Perhaps you’ll think before you say that God is dead and gone,
Open your eyes, just realize that He is the one,
The only one who can save you now from all this sin and hate,
Or will you still jeer at all you hear? Yes, I think it’s too late.

A lot of people forget how Christian that particular Sabbath lyric is!  Very amusing how much flack metal took from the church in the 80s, all the while “After Forever” dated back to Master of Reality in 1971!  Granted, I’m certain that most Catholics wouldn’t appreciate the line “Would you like to see the pope on the end of a rope, do you think he’s a fool?”

Whether you are a believer (it’s not a requirement) or just a worshipper at the altar of St. Halen, Stryper serves up plenty of hot metal on Fallen.  The modern grooves of “Heaven” and “Let There Be Light” are two that should appeal to many, and long time fans of Stryper will go bananas for the emphasis on melodies and choruses.  And Stryper didn’t forget their ballad fans, either.  “All Over Again” is a typical bombastic Stryper ballad, but not with the extra saccharine they used to utilize in the 80s.  And if that is too bombastic for you, check out the acoustic version included as a Japanese exclusive bonus track.  I think I prefer the bare acoustic version, but I’m also getting tired of getting acoustic versions as my Japanese bonus tracks.  It seems the go-to bonus track lately has been the acoustic version.

Rest assured, Stryper have not Fallen.  Quite the opposite. They continue to soar on mighty wings of metal.

5/5 stars

 

 

 

 

REVIEW: Deep Purple – To the Rising Sun…in Tokyo (2 CD/1 DVD + Japanese bonus tracks)

The Deep Purple Project is a massive, ongoing series of in-depth reviews.  This is the last for now as we take a break, but Purple will return.  

DEEP PURPLE – To the Rising Sun…in Tokyo (2015 Edel 2 CD/1DVD set, Japanese CD with 2 bonus tracks)

Purple live releases have been in strong supply lately.  Last year, Purple released a matching set of double live albums, each with a complete DVD of the show in one package.  The first set, In Wacken, was reviewed yesterday.  Today, we look at In Tokyo.  In order to “get it all”, I added the Japanese 2 CD set with bonus tracks to my collection.  The bonus tracks are on the CD portion of the package.  As we did yesterday, we’ll get the bonus material out of the way first.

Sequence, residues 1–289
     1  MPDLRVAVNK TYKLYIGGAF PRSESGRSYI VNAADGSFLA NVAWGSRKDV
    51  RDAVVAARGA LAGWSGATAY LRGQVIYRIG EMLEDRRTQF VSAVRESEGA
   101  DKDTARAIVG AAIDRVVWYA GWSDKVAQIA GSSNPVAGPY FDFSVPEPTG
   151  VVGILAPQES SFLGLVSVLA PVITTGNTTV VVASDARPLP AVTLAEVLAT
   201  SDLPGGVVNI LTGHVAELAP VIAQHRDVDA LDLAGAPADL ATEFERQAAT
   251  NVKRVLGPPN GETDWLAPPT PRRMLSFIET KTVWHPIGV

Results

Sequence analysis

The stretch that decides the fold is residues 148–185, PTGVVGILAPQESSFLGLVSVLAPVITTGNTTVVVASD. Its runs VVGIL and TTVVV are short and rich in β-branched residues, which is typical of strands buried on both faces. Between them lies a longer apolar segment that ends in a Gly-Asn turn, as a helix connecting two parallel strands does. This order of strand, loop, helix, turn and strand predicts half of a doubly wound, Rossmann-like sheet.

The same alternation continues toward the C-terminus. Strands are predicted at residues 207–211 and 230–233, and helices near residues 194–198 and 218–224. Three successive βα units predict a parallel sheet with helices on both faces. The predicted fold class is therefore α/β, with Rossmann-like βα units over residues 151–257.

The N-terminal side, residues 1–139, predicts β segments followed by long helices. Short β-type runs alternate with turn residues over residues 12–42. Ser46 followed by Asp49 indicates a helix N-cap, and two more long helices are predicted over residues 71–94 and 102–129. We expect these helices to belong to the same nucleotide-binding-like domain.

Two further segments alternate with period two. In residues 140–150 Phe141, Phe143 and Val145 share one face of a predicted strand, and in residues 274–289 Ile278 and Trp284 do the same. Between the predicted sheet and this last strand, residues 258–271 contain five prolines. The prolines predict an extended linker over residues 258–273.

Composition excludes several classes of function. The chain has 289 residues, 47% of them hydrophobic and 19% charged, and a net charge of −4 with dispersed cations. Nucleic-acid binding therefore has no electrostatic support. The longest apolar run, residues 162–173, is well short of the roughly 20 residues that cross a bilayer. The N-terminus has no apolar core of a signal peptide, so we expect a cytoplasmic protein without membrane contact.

The two Japanese extras are instrumental versions of “Hell to Pay” and “Apres Vous”, newer songs from Now What?!  I am happy to report that these instrumentals are not live.  Since both songs are complete and live on the album proper, I was pleased to find these two are instrumental mixes of the studio cuts.  This makes sense, since the instrumental “Hell to Pay” is used as the main menu backing music on the live DVD.  As with any instrumental mix, it is interesting to pay attention to the musical interplay.  Since it’s Deep Purple we’re speaking about, it’s that much more enjoyable.

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Moving on to the live part of the set, the recorded intro of Holst’s “Mars: Bringer of War” has the Budokan crowd in Tokyo excited for the return of Deep Purple.  The band bravely opened with “Apres Vous”, the new cut from Now What?!  It works surprisingly well by setting a mood.  Ian Gillan keeps it from getting too serious by wearing one of those tuxedo-printed shirts.  I want one of those.

Gillan’s hoarse on “Into the Fire”, but overall he’s stronger than he was in Wacken.  The added grit makes the song tougher and closer to the 1969 original.  Also from way back then is “Hard Lovin’ Man”, a pairing that always works well.  Don Airey takes an extended Hammond solo, and the song gallops in a way that set the basis for Iron Maiden’s career.  Thrills and chills abound, but Morse is smiling so much that you know we’re all in for a good time.  What a contrast with the moody and unpredictable Ritchie Blackmore!  This breathtaking assault of a song absolutely needs to be played live.  It’s no surprise that they need to lay back with something slower after that.  “Strange Kind of Woman” does the trick with that unforgettable groove.  Morse pulls off a jazzy solo that just kills.  This is a far better version than the one in Wacken.  Speaking of women and strangeness, it’s odd that “Woman From Tokyo” wasn’t played this time.

“That was the end of the jazz part of the show,” says Ian.  Back to new songs, “Vincent Price” is rolled out next.  Brought to life on the stage, “Vincent Price” is heavier and chunky.  The spooky keyboards are intact and Gillan injects the song with extra terror.  Steve Morse is on a roll now, and it’s time for his solo.  It’s chopped up a bit compared to how they played it earlier in the year.  “Contact Lost” is still first, but this time that goes into “Uncommon Man”.  I love watching Steve Morse playing volume swells with his pinky on the knob, while hammering out a complex melody.  There are plenty of hand close-ups here.  Copy if you can!  (I can’t.)  When “Uncommon Man” begins, Ian Gillan whispers in Steve’s ear.  I like to think he just said, “That was incredible.”